Welcome to the real world. There is nothing wrong with 6-year old Windows XP. It can do everything the snazzy Mac can do and for a lot less money. And what's more, those computers can be fixed with off- the-shelf parts, unlike Macs.

***** Moderator's Note *****

Cnet is apparently assuming that its readers can't subtract: "six-year-old versions of Microsoft software" means MS Office 2003, the defacto standard for business use.

However, it doesn't matter if the new kids on the block at 1600 Pennsylvania Ave. use Linapple or Wintel machines: what matters is that they realize that _getting_ someone elected is different than _governing_, and that they buckle down to producing more substance and less style.

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Reply to
David Kaye

... and waste copious amounts of time sifting through trivial crud. Does President Obama or his staff really need to know that "Janet Smith is going to work now" and "Joe Green is glad to be back home at last"?

I certainly hope Mr. Burton is more in touch with productivity than that quote suggests.

Reply to
Geoffrey Welsh

I think that's a bit of an exaggeration.

Another poster correctly described this as the difference between getting elected and governing. So true. A campaign does not have to answer to anyone. A president is subject to many laws and procedures to (1) protect his personal security, (2) protect national security, and (3) keep an eye on him (some of this dates back to Watergate). IMHO, the 'oversight' (the "Records Act") goes overboard and creates unnecessary problems and hinderances.

If memory serves, an article such as this appears every time a new Administration takes office going back into history. FDR's administration was a big shake up over Hoover's, Truman shook up FDR, and so on.

One thing that HAS changed is that the White House "staff" has exploded in size over the years. Hoover and his predecessors were relatively small. FDR, with his new activist government, added staff, and subsequent presidents kept adding more and more. Nixon's staff, for all his and Haldeman's efforts at strict control, discipline, and organization, was actually out of control and that led to Watergate.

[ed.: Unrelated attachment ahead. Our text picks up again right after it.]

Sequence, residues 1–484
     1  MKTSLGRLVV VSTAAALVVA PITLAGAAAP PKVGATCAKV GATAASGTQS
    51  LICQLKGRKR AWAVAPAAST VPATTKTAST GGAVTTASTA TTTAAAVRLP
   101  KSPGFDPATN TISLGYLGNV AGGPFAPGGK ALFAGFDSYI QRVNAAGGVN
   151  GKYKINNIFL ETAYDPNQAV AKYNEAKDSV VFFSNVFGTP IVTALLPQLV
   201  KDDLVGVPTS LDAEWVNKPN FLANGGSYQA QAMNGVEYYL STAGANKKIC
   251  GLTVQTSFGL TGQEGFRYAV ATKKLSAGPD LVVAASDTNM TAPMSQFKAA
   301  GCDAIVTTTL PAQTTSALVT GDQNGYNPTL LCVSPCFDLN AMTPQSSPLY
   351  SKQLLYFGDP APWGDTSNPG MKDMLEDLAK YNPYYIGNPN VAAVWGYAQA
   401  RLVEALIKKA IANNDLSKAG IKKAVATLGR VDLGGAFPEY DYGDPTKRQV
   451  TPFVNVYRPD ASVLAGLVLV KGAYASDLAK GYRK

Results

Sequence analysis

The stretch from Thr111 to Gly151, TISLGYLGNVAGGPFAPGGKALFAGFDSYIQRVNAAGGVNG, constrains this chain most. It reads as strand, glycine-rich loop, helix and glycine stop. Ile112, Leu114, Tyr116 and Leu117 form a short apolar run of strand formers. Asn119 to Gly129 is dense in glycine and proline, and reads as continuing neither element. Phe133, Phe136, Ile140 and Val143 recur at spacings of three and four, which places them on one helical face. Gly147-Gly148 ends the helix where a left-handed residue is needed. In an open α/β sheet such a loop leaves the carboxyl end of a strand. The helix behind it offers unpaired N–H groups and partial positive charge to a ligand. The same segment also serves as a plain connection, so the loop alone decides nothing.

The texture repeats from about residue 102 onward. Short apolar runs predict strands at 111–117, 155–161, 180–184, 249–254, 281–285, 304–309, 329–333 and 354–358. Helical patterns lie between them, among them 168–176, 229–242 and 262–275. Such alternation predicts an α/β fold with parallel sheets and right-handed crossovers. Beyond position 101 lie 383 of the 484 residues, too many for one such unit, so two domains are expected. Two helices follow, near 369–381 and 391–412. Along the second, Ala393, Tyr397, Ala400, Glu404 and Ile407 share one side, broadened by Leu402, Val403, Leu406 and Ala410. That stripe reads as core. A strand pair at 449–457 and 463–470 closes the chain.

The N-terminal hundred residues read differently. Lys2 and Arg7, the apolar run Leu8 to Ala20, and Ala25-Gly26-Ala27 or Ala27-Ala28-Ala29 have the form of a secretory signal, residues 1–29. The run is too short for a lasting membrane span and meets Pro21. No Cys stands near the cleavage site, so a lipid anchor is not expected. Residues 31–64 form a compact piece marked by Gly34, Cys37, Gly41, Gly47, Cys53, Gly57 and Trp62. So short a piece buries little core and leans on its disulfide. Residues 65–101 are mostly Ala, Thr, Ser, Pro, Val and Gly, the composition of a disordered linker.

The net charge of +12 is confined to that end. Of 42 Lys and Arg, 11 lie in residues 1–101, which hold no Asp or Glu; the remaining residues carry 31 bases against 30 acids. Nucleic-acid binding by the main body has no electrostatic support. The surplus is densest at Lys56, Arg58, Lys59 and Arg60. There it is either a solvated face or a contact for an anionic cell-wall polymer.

Reply to

would make it Windows XP and Office 2003. Still functional, I use Windows XP Pro and Office 2000 though I'm gradually starting to use OpenOffice more.

Reply to

The "early people" knew very well that they had completely ignored security: they did so intentionally, knowing that the network would only ever be accessible to a few thousand DoD-approved contractors and grantees. (Many of the "early people" had spent their prior careers working on operating systems with significant security design requirements, like Multics.) There was a fundamental principle that hosts were responsible for their own security, which made[1] a great deal of sense in a world where computers required large rooms and skilled full-time staff to maintain (as opposed to today, where a resource inversion has given the "bad guys" access to vastly more computational power and network resources than the "good guys"). Nobody expected that their "walled garden" would be turned inside out.


[1] Actually, it still makes a great deal of sense, and it's how I run my network; what's changed is that it can no longer be the sole means of defense.